How “scrib-something” in a podcast changed my writing life.

Rising action (of a mild, reflective kind)

My wall awaited. My stockpile of comic-novel timeline raw materials awaited. I will get to that, I told myself. And told myself. Then one day, tired of the self-harangue, I went on a walk and listened to a podcast interview of author Gail Carriger by a certain Evan Christopher. (I think, Evan; English accent, American ears.) The Christopher fellow briefly waxed gushingly about scib-something writing software. Carriger said she would check it out. Me, too, I thought. Why? Because when I listen to a podcast, I eschew saying things out loud.

Scrivener’s neat yin-and-yang ripoff logo with commas appeals to my aesthetic sensibilities; and that is their website appeals to my “that makes no sense whatsoever but I like it” sensibilities.

Back in the office, I discovered that scrib-something was in fact Scrivener. (Google! Is there a better spellchecker for the severely spelling challenged?) I went to the website. I read. The progression of my comprehension went as follows:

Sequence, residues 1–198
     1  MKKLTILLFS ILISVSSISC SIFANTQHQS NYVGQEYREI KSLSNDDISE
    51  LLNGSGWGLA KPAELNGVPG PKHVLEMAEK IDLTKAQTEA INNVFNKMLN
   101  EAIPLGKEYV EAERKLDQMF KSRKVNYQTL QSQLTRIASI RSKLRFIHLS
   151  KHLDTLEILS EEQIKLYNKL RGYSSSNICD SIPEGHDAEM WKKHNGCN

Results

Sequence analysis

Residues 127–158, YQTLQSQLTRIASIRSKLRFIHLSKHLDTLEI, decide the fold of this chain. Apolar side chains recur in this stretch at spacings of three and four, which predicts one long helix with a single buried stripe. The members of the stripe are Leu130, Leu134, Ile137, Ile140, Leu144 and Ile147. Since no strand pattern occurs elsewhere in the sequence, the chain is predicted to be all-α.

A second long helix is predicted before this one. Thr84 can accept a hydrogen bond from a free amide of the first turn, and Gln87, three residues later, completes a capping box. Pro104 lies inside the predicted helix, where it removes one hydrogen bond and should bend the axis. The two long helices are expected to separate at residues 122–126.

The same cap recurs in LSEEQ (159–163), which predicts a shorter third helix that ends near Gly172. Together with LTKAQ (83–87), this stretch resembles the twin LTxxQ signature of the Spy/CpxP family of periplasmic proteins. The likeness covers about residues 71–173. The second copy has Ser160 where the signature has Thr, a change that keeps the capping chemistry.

1.) After reading, “Scrivener knows nothing of pages until it comes to exporting or printing and therefore does not have the page layout viewing features of modern word processor applications,” I thought, “What? No page layout view! These guys must be absolute idiots!”

2.) I watched two Scrivener instructional videos and thought, “Actually, it appears these people are pretty smart idiots.”

3.) I watched more videos – “Snapshots” and “Statistics” to be precise – and thought, “My god, they’re fucking brilliant idiots.” (As this blog’s author and editor, yes, I’m allowed to use the f-word as well as many other letter-hyphen-”word” words.)

4.) After the “Outliner & Synopses” videos, I dropped “idiot” altogether and wanted to have the developer’s child.